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A Mountaintop Concrete Countertop

Apple and Whalen based their countertop design on a universal ski patrol emblem: the white cross on a red and black background

We asked Lynda Apple of InConcrete Custom Countertops and Design Elements if the precast tabletop her Flagstaff, Ariz., outfit produced for a ski patrol shack was the highest decorative concrete installation in America. Boy, did we get a response.

“First off,” she writes us, “I know for SURE we have the highest concrete countertop and custom concrete chair in Arizona. At 11,500 feet — I’m pretty darn sure we probably have the highest concrete countertop and custom concrete chair in the country — because most likely it’d be at a ski area and I don’t know of any other ski areas with lodges or shacks that high that, if they are fancy enough, don’t have granite, or if they are your typical ski patrol shack — well, they are lucky to have a picnic table in them.”

improve the Snowbowl’s “upper patrol shack,” where ski patrollers wait for emergency calls.Here are the whos, whys and hows. Apple and Michael Whalen, her husband and business partner, have been outdoor enthusiasts for most of their adult lives, working as river guides, hiking guides, ski guides and, most recently for Apple, as a professional ski patroller at Arizona Snowbowl, in the San Francisco Peaks.

The couple’s enthusiasm for skiing and what Apple calls “our little resort” motivated them to help improve the Snowbowl’s “upper patrol shack,” where ski patrollers wait for emergency calls. “Whalen and I decided to make a new countertop piece for a new ‘bar’ that the other patrollers had put in — as they were just going to leave it as plywood or possibly tile it. Well of course, as a concrete geek — I could NOT have that!”

Templating the piece was a unique challenge, she says. On templating day, she dressed in full ski-patrol uniform and climbed onto the resort’s chairlift with a backpack full of tools, including some pieces of fluted polypropylene. “I got more than a few strange looks from guests who I’m sure were wondering what the heck those pieces of corrugated plastic could have to do with keeping them safe on the mountain,” she recalls. “Getting the completed template DOWN was even more fun — and most likely a perplexing sight for folks. There I was, cranking out my telemark (skiing) turns while trying to keep a 5-foot by 5-foot oddly shaped template from blowing around and breaking — I felt like I was skiing with a sail ... all the while, looking, you know — as cool as possible.”

Apple and Whalen based their countertop design on a universal ski patrol emblem: the white cross on a red and black background. “My husband and I, both with art backgrounds, design all our pieces together,” Apple writes. “We poured the piece in three steps — first the white cross, let that set up well enough to pull the forms, than the red background, let that set up well enough to pull the forms, and then the black border. We used our basic sand mix and only did a very light grind on the piece.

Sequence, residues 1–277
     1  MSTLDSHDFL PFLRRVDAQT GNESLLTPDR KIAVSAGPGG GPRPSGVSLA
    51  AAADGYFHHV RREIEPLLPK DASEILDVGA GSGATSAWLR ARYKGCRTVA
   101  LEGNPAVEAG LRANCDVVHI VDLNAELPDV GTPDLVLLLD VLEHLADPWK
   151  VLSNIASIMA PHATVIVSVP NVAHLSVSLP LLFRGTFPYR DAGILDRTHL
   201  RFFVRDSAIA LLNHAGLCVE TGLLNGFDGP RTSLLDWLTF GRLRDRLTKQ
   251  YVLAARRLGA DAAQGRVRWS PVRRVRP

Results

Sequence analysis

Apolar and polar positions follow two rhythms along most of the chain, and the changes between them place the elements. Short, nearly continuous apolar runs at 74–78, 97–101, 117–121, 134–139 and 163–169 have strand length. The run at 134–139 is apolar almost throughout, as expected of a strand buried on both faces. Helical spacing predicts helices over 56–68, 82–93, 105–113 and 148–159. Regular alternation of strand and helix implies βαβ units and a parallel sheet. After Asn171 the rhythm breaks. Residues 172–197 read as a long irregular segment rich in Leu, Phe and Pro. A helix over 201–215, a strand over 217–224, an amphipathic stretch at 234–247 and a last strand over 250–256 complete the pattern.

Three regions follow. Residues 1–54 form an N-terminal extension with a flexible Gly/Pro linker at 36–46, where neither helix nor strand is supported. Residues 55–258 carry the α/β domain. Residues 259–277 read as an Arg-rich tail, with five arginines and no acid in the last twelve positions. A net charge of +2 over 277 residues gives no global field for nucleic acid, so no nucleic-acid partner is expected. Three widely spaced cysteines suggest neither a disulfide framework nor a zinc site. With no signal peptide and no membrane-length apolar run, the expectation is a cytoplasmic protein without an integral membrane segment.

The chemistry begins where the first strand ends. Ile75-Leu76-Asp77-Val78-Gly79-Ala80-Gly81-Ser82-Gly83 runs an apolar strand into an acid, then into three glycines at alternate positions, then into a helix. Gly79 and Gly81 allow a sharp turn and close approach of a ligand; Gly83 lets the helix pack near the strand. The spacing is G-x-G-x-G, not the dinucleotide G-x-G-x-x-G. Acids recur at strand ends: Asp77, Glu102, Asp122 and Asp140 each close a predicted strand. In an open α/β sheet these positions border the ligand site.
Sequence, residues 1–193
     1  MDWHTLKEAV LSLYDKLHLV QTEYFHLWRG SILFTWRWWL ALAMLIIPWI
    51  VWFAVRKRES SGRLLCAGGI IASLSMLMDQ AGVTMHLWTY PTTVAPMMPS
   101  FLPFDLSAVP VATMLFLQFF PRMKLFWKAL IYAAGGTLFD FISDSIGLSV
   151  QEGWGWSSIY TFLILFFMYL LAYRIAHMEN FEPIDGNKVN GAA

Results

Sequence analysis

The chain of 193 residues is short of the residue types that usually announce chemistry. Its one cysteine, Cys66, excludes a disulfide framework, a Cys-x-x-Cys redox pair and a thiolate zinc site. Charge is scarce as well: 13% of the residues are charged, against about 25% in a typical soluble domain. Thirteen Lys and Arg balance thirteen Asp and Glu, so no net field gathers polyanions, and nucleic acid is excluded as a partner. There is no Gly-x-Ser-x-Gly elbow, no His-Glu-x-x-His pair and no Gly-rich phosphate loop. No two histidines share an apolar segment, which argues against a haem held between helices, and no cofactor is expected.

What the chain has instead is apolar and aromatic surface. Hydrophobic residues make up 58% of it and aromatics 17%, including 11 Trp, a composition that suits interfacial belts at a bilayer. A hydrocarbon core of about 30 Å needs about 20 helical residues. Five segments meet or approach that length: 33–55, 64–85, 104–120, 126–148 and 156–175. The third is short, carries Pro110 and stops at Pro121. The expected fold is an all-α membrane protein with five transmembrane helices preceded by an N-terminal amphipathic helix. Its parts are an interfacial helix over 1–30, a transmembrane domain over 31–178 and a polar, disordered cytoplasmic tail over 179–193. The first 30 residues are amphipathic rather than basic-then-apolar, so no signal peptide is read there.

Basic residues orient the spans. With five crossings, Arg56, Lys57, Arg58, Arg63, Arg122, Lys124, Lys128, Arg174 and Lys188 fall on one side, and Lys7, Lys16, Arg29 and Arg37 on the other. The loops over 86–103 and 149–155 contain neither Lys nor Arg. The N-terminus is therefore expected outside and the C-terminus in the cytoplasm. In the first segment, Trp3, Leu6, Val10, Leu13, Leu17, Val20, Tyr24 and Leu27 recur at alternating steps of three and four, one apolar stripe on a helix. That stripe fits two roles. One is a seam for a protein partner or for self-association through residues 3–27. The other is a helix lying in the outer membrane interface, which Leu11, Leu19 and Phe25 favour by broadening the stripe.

“Delivering the piece was again — pretty funny. Noting again of course that the ski area is open and this is all happening in the middle of the winter. We’d also put the pressure on ourselves to complete it before ski patrol’s annual Full Moon Party.”

The trusty chairlift helped hoist the finished concrete countertop up the mountain. “Four of us ski patrol loaded a chair with ourselves. We had the chair stopped while the lift mechanics, Whalen, and a few other ski patrollers loaded the top onto the next chair — tying it down securely. And then we had the chair started again while the other half of our ‘install team’ loaded up. Once at the top, those of us at the front kicked off our skis and waited for the countertop’s chair to arrive. We stopped the chair and unloaded the top as best we could, started the chair and waited for the rest of the crew (so they could) help carry it across the top of a run to inside the patrol shack. Happily, it fit in place perfectly!”

At the top of the mountain, the ski patrol has new concrete digs to keep them comfortable.

To go with the top, Apple and Whalen cast a concrete chair emblazoned with the ski area’s logo. “Winds regularly top 70 miles an hour with much higher gusts not unusual — so finally there is a chair up there that has not blown away and does not need to be brought inside nightly,” Apple writes.

“Both have been huge hits. And because our ski area is open all summer as well for scenic sky rides — the pieces have been great, unique, year-round marketing pieces for us. Our logo is affixed to the wall behind the top, and to the back of the chair.

“We do all our work at 7,500 feet elevation. And although we are in a ponderosa pine forest, we are still in a high-mountain-desert/tundra ecosystem. We’re always having to pay close attention to humidity and the curing process since the air is so dry and thin here — on top of the dryness, our office and shop are located in an area that TYPICALLY can see 30-to-50- degree temperature swings in a single day. Lows and highs range from minus 30 degrees to 90 degrees throughout the year. ...

“These conditions are considerations for all our work — both exterior and interior — so the two Arizona Snowbowl pieces did not really offer any extra challenges for our process or mix design outside of transportation and installation. How many folks have installed off a chairlift in the dead of winter, I wonder?”

✆ (928) 773-4326
www.inconcrete.biz

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